It is very good news that Peter Phillips is back with
his wonderful recordings after the debacle with Universal. Many of the
recent releases have been the older recordings of the Tallis Scholars
being re-released to replace the spate of deletions which occurred after
Universal took over the catalogue and then decided to no longer support
the label. Many of these reissues will already be in reader’s collections,
so it is very satisfying to be able to welcome a brand new issue.
With this release, new areas of the Tallis Scholar’s
repertoire are being established, and it is good to relate that the
previous qualities of these recordings – clarity, diction, pitch, recording
quality, and more than all of these, sheer pleasure involved in the
sound of the Choir – remain in full measure.
Nicolas Gombert was part of the Flemish Renaissance
although has been considered as a minor composer (perhaps unjustifiable).
His music has been studied in detail over the past few years and although
his reputation is more substantial than it has been, he probably least
deserves being looked at as a minor composer.
He wrote eight Magnificats, generally considered to
be his masterpiece, and according to the sleeve notes, the remaining
four will be released next year. Each is based upon a chant (Tone) which
in worship both preceded and followed the Magnificat. What we have in
this recording then, is as originally performed with the Tone appearing
The Magnificat is based upon a Tone and so the listener
can appreciate Gombert’s facility in developing the Magnificat from
the chant. Where he is somewhat different from other composers of the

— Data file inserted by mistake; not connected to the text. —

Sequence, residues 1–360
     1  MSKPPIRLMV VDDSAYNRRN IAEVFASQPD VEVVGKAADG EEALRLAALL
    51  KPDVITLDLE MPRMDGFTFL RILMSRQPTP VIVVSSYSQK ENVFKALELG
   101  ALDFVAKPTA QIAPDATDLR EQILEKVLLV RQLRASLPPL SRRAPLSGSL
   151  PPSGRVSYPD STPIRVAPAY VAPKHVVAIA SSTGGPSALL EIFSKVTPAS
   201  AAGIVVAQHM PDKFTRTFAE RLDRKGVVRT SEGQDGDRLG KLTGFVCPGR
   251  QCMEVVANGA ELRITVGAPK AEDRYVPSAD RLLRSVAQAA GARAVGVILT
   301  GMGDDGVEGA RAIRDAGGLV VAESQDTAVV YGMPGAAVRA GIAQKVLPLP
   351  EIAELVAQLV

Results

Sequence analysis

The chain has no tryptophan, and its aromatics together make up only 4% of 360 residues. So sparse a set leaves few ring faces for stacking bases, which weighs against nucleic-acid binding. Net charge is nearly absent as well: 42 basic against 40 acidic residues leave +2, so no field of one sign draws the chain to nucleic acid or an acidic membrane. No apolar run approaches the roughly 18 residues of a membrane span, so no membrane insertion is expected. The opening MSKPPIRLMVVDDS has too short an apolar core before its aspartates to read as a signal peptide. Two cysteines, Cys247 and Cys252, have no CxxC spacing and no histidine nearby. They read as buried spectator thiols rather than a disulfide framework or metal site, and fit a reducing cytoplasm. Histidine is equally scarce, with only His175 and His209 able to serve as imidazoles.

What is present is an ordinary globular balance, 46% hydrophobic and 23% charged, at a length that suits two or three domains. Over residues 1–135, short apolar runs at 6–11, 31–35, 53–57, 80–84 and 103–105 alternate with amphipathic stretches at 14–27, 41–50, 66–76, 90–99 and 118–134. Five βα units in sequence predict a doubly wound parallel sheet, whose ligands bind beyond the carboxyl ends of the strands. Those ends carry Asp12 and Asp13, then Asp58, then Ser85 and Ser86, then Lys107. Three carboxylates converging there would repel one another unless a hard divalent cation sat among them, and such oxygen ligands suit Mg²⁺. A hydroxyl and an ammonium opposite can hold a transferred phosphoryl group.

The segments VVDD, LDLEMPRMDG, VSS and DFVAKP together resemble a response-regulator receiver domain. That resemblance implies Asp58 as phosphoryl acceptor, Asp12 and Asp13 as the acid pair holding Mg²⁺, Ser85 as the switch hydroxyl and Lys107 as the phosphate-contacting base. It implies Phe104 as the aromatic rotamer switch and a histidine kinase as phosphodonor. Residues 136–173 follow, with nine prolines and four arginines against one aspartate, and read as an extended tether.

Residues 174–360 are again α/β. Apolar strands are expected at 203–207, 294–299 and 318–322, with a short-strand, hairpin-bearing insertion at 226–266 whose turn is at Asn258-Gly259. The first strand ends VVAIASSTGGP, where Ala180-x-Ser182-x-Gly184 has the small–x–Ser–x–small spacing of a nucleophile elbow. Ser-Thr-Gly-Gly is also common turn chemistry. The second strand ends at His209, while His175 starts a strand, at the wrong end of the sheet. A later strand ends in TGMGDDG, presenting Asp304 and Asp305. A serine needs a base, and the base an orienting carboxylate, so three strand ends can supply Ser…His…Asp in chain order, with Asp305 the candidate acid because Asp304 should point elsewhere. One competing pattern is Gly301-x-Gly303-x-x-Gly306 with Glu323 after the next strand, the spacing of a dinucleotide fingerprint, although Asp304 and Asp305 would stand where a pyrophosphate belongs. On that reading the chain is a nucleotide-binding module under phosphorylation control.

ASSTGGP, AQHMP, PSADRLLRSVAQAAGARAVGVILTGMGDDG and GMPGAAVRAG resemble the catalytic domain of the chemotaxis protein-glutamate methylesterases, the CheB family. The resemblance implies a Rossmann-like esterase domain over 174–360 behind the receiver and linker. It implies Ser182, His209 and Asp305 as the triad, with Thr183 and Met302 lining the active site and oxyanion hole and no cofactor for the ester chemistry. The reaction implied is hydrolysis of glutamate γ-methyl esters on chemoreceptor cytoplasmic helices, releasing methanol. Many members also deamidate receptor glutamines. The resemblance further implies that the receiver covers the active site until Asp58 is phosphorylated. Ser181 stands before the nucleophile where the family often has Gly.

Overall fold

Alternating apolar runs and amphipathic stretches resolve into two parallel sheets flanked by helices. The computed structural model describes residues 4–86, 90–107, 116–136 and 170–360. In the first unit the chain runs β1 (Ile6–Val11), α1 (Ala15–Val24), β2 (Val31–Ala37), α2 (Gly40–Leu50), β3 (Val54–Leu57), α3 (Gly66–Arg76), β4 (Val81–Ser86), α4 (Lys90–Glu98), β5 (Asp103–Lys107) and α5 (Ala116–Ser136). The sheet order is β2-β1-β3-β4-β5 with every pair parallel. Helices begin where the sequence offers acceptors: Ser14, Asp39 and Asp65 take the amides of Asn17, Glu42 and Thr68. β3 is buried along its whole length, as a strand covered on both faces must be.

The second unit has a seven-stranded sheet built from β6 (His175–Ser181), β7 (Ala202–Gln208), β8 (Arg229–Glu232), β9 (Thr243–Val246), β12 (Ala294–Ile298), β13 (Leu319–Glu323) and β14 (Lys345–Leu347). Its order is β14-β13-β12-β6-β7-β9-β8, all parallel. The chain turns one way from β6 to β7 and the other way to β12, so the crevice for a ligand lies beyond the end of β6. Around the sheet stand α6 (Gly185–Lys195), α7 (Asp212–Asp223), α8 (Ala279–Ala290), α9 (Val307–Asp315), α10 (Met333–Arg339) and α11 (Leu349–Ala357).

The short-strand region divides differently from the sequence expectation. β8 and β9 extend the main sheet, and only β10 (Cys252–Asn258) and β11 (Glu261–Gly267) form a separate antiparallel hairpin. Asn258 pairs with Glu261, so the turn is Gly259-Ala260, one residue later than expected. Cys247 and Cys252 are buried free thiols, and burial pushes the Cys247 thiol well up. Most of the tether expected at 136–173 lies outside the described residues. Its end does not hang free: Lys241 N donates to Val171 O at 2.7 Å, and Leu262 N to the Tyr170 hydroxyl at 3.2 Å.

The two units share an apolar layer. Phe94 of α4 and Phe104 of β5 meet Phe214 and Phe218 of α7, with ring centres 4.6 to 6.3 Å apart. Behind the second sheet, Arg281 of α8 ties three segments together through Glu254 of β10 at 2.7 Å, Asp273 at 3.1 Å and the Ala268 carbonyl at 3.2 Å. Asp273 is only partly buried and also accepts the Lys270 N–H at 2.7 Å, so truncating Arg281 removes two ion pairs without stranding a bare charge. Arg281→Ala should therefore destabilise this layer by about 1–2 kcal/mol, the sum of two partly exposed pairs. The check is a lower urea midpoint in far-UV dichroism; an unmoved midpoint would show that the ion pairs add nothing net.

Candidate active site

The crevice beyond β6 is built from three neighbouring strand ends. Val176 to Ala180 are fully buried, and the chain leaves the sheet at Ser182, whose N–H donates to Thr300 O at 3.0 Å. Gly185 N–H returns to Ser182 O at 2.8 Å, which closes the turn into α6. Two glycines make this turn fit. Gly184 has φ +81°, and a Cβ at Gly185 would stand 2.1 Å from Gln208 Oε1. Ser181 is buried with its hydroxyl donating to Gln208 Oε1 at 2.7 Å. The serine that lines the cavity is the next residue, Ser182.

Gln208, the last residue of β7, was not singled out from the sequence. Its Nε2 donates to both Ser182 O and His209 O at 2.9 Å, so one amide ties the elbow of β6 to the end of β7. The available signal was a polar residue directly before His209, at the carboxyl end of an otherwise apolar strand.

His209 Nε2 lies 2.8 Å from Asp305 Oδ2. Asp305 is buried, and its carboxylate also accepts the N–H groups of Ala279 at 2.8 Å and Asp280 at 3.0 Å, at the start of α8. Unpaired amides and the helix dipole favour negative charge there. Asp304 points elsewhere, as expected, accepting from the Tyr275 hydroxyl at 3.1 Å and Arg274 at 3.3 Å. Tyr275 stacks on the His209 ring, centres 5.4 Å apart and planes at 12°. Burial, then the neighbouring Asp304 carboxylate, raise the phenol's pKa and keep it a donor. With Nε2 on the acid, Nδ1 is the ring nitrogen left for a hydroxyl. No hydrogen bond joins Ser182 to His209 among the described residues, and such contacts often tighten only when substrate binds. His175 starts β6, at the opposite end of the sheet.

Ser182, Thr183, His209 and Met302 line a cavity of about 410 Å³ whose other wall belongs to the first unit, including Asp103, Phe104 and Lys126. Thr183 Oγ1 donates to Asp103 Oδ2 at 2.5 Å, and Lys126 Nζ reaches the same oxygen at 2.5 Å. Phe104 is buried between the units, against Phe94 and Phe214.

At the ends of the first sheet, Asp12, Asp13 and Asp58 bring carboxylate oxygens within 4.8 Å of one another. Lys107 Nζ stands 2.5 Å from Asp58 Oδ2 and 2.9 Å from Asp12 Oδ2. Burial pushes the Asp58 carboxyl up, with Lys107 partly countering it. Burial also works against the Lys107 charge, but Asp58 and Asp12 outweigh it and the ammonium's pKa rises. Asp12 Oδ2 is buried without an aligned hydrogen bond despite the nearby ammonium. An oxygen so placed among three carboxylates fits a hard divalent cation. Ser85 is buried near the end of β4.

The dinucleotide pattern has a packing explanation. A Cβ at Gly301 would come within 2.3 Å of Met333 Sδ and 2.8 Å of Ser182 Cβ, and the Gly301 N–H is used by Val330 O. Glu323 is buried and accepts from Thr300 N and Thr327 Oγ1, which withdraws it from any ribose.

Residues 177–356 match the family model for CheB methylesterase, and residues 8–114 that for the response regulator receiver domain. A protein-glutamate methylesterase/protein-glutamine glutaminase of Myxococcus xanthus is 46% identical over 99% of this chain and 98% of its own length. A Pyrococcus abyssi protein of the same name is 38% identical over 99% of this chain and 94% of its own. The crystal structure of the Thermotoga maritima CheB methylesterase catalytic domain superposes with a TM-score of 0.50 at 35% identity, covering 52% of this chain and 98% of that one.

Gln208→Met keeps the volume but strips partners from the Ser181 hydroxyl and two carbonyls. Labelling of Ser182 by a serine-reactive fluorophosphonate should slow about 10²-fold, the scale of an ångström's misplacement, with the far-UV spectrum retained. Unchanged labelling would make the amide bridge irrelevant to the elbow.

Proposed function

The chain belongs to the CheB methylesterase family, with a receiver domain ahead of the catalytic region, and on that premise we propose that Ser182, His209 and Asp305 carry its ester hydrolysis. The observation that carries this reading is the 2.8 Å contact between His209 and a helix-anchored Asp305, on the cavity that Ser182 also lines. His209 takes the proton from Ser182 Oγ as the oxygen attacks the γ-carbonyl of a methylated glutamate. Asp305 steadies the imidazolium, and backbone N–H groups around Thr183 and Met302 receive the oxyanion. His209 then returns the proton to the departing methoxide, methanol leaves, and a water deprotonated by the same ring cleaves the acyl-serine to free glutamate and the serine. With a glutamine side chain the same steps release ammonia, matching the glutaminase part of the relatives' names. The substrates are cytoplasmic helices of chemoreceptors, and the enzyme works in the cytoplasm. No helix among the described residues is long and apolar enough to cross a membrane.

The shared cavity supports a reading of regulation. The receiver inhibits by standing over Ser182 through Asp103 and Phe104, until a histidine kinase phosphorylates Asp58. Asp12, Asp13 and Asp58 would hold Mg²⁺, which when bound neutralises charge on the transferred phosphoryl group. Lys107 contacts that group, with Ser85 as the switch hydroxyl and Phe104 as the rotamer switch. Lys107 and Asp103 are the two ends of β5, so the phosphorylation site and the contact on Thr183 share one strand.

time is in the complexity of his writing. Each work displays this, and
it could be considered to muddy the textures somewhat. Such is the quality
of the singing that this does not appear as a problem. Gombert often
doubles the bass and tenor lines, making for a very rich texture, quite
unusual for this time period. The soprano line is left as a single strand,
and the alto line doubled up only rarely.
In each Magnificat, variety is also introduced by having
the even verses as polyphonic and the odd verses as chants. One slightly
controversial point is the use of what is known as "English Clashes."
These occur when reaching the end of a cadence the notes are inflected
causing momentary dissonances. This technique is deployed in these performances,
so we have an opportunity to hear these "clashes" at first
hand rather than only in print.
All the Magnificats use the same basic pattern, and
start with four voices. The complexity of his writing increases throughout
the work until the last verse where we can hear anything up to six voices.
The range of the music is somewhat restricted, so the six strands are
often packed close together. Moreover, he preserved the pitches of the
chants so that the beginning, middle and end of the work was in tune
with the same parts of the chants – quite a complex straightjacket to
According to the sleeve notes, it appears that the
Magnificats were written as a summation of all of his skills partially
as an atonement and also as a release ticket from serving on a galley.
He had been imprisoned there on the orders of Charles V after having
molested a choirboy in his care. In this age of political correctness,
action groups and so on, it is only to be wondered if these works would
have materialised today given the same circumstances. I doubt it. Well
done Peter Phillips and his choir. A wonderful issue, and well worth